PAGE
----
Answered By: Rachel Willard Last Updated: Aug 13, 2015 Views: 205
Every complete sentence has a subject and a predicate. The subject is the element at the beginning of a sentence that performs the action:
The dog ran in circles.
I stubbed my toe.
His car would not start.
The predicate is what comes after the subject. In a simple sentence, the predicate can be just a verb (the action happening in the sentence):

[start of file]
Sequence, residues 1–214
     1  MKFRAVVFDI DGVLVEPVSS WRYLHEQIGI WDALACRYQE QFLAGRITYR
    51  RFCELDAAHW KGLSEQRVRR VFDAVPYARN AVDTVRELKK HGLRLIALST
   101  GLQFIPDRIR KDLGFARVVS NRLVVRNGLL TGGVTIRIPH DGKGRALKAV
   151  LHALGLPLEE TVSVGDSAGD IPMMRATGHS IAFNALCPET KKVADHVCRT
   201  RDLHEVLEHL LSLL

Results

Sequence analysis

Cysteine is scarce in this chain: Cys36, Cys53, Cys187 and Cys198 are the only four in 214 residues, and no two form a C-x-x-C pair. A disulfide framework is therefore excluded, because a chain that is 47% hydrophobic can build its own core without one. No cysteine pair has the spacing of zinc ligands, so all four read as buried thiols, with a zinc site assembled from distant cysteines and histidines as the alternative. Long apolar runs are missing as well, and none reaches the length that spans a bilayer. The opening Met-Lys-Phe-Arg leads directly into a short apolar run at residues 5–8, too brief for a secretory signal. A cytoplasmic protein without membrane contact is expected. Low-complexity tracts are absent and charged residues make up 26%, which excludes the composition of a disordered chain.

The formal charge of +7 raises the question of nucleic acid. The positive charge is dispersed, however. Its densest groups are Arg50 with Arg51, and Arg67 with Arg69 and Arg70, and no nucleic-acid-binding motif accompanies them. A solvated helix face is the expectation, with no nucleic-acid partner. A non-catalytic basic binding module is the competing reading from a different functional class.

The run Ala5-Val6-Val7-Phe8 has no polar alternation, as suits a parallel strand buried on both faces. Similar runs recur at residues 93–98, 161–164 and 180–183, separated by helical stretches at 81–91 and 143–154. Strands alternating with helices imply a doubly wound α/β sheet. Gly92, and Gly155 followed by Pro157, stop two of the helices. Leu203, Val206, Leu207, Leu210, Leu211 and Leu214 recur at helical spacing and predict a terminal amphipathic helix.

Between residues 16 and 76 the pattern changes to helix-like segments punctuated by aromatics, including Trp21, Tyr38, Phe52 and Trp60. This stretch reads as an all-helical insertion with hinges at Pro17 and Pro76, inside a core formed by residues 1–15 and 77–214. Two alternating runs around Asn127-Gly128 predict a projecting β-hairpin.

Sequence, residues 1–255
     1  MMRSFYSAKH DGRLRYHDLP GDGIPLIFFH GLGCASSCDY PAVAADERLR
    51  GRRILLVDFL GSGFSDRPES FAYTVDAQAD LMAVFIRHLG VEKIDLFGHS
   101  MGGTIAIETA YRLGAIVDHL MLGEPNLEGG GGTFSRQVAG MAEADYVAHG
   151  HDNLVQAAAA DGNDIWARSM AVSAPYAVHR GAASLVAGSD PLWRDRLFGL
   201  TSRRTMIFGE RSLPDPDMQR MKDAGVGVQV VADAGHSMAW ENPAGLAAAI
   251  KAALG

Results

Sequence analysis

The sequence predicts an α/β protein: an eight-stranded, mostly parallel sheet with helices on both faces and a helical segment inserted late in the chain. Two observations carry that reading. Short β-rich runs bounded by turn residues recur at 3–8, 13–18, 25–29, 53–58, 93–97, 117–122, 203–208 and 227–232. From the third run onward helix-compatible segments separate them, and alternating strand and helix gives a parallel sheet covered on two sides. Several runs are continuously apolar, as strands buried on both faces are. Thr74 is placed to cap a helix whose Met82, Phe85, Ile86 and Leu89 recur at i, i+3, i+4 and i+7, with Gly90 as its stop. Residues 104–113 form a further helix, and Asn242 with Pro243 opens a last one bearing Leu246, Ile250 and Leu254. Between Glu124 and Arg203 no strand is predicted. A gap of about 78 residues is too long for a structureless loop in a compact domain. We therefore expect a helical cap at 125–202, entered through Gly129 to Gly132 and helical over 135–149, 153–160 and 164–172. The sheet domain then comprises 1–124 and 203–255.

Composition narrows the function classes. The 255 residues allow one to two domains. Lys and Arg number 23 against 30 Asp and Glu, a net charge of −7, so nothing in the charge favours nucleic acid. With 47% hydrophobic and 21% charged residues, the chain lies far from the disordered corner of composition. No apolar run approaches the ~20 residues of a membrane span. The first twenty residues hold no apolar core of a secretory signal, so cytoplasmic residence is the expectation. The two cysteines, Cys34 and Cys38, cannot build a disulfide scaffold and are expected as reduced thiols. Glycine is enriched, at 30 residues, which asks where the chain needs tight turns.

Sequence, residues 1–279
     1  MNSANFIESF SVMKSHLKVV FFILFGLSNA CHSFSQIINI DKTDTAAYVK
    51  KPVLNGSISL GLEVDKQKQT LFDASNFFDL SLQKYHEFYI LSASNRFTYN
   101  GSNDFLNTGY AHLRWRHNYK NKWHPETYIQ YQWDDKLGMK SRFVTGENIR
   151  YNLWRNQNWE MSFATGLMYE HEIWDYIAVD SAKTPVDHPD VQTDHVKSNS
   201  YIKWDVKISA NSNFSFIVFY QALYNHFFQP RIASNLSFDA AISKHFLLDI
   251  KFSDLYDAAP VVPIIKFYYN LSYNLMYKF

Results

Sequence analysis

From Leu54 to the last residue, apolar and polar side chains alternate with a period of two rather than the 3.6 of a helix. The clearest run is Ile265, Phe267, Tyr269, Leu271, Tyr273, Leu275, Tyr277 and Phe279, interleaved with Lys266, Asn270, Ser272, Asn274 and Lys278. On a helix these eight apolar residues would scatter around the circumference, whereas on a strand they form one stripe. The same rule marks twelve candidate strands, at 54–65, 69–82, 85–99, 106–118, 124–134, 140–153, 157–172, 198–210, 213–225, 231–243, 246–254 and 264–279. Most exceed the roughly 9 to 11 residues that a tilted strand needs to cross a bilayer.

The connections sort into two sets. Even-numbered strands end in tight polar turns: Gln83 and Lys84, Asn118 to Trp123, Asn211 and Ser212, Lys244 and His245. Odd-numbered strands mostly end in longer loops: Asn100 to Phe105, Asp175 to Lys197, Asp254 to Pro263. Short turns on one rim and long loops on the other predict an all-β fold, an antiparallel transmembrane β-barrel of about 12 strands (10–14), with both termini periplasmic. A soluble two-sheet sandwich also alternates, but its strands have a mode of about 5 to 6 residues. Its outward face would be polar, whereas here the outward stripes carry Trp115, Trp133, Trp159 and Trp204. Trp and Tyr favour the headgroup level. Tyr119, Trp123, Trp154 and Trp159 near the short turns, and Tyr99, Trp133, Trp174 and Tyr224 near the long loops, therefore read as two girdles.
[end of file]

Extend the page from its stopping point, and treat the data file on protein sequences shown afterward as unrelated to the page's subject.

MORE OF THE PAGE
In the predicate, there may also be an object (the thing receiving the action):
He kicked the ball.
In this example, he is the subject, and kicked the ball is the predicate, made up of a verb and an object.
Academic writing is often more complicated than this, but these are the essential building blocks. To have a complete sentence, a writer must have a subject as well as a predicate that contains a verb.
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